The therapeutic window of a certain drug reflects the concentration range that provides efficacy without toxicity. Narrow therapeutic index (NTI) drugs have a narrow therapeutic window, hence doses must be titrated carefully and therapeutic monitoring is usually required. Examples of NTI-drugs: aminoglycosides, ciclosporin, carbamazepine, digoxin, digitoxin, flecainide, lithium, phenytoin, phenobarbital, rifampicin, theophylline and warfarin.
In the case of Warfarin which is one of the most commonly prescribed anticoagulant agents, it is mainly prescribed as a low dose tablet, therefore ensuring content uniformity standards is of great significance. This necessitates effective control of the NTI formulations because a small variation in the tablet formulations may result in ineffective or dangerous therapeutic consequences. As an anticoagulant, warfarin prevents blood clots in blood vessels and is useful in treating different serious and life-threatening conditions like stroke and cardiovascular diseases. In particular, warfarin sodium 2-propanol solvate (WARC) tablets, a low-dose drug products made from either amorphous or crystalline forms of warfarin sodium, have been widely preferred for treating such conditions.
The therapeutic and clinical outcome of WARC tablets has raised many concerns. Warfarin associated hemorrhage is one of the main causes of deaths amongst anticoagulant patients. Moreover, the US Food and Drug Administration removed several warfarin sodium products from the market, a move that can be attributed to poor dose performance, quality issues, as well as low dose formulations and NTI challenges. In addition to bioavailability issues, previous research has reported that multiple stages involved in the manufacturing of WARC can potentially introduce undesirable transformations that may influence the drug outcomes. Therefore, it is extremely important to ensure WARC solid-state integrity from manufacturing to patient administration.
Several techniques have been proposed to evaluate the transformation of the WARC solid-state. Nevertheless, the available methods do not provide a comprehensive characterization and understanding of the transformation of the WARC lattice structure responsible for product failure. To address this challenge, researchers from Long Island University in New York: Dr. Harsh S. Shah, Dr. Kaushalendra Chaturvedi, Dr. Rutesh Dave, Dr. Simon Bates, Dr. Rahul Haware, and Professor Kenneth Morris studied the solid form changes of the WARC considering the environmental conditions and possible manufacturing stress. Their main aim was to predict the WARC structural integrity at different storage conditions by monitoring and quantifying the real-time changes in their crystal lattice. The original research article appears in the journal, Crystal Growth and Design.
In their approach, thermal stress was studied using variable temperature powder X-ray diffraction (PXRD), allowing for real-time monitoring of WARC solid-state transformations. WARC was exposed to moisture and thermal stresses at different time durations to achieve the solid-state changes. Also, dynamic sorption-desorption isotherms were used to evaluate the sorption behavior of various WARC forms. Lastly, quantitative predictive models were developed to evaluate the impact of various parameters on the WARC structural integrity.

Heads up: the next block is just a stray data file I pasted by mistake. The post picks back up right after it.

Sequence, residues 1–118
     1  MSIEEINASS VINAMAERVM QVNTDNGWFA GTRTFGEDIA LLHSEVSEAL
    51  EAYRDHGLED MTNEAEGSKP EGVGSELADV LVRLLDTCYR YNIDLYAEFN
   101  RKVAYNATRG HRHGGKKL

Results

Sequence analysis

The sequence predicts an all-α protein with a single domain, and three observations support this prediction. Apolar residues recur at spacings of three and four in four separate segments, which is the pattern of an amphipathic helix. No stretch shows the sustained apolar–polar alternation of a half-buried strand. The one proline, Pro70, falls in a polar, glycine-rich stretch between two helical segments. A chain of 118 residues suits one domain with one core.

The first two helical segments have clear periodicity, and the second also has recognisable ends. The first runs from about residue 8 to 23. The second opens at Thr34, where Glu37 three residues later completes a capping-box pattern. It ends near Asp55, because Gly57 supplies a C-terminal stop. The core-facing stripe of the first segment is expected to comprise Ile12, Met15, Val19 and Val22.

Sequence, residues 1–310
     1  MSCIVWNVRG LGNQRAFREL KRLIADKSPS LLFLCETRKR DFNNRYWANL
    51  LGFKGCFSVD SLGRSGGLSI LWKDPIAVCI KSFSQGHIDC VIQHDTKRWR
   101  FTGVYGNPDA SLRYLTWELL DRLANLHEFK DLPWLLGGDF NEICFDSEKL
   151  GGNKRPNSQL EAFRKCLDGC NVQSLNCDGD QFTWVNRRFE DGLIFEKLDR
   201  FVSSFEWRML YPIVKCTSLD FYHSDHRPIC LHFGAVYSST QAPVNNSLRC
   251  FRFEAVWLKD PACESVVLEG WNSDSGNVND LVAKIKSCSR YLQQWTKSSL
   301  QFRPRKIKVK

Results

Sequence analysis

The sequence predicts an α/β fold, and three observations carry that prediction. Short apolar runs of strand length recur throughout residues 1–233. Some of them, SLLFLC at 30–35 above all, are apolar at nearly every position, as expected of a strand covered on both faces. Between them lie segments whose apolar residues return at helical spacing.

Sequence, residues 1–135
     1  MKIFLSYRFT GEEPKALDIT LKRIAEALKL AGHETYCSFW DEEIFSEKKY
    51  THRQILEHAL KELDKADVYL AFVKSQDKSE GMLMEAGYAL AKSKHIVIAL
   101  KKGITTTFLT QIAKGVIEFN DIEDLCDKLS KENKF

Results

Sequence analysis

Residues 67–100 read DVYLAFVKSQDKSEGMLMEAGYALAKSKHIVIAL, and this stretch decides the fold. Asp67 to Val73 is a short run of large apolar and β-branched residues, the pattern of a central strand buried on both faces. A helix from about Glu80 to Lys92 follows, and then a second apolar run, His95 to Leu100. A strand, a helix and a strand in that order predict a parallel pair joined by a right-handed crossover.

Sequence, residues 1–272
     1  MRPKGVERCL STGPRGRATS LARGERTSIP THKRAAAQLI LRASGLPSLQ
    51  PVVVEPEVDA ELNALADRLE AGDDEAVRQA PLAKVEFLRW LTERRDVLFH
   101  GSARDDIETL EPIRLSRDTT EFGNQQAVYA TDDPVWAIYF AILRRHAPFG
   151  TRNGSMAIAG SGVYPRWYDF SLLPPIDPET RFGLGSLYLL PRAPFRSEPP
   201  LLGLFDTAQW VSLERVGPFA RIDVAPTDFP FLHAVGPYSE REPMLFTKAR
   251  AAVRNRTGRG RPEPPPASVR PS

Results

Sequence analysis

Results show that after prolonged exposure to high-temperature stress, WARC transformed into desolvated WARC (WARDES) and non-crystalline (WARNC) forms. This was attributed to the 2-propanol (IPA) loss from the crystal lattice channel at high temperatures. However, at high relative humidity conditions, it directly transformed into WARNC due to increased WARC affinity for water molecules. Additionally, the solid-state transformations of the WARC were attributed to the interactions amongst the exposure time, temperature and humidity parameters. Unlike the unexposed tablets, stressed WARC tablets exhibited impaired dissolution profiles, which could potentially pose a serious WARC therapy failure, including clotting and internal bleeding.
In summary, this study is the first ever to report the crystal structure of WARC desolvated form. The predictive models enabled quantifying the IPA content, temperature, exposure time, WARC crystallinity and water content as a function of %RH. The results demonstrated the importance of achieving a good balance between the temperature, humidity and exposure time in maintaining the structural integrity of WARC at molecular level. The study provided a comprehensive understanding that may facilitate the effective design of quality dosage forms and quality control of warfarin tablets during manufacturing. In a statement to Advances in Engineering, Dr. Harsh S. Shah explained the findings will advance the development of more effective and efficient NTI WARC formulations as well as similar drug products developed in future.
Shah, H.S., Chaturvedi, K., Dave, R., Bates, S., Haware, R., & Morris, K. (2020). New Insights on Warfarin Sodium 2-Propanol Solvate Solid-State Changes Using a Multivariate Approach. Crystal Growth & Design, 20(11), 7328-7340.
Shah, H. S., Chaturvedi, K., Dave, R. H., & Morris, K. R. (2021). Molecular Insights into Warfarin Sodium 2-Propanol Solvate Solid Form Changes and Disproportionation Using a Low Volume Two-Stage Dissolution Approach. Molecular Pharmaceutics, 18(4), 1779-1791.
Shah, H. S., Chaturvedi, K., Hamad, M., Bates, S., Hussain, A., & Morris, K. (2019). New insights on solid-state changes in the levothyroxine sodium pentahydrate during dehydration and its relationship to chemical instability. AAPS PharmSciTech, 20(1), 1-10.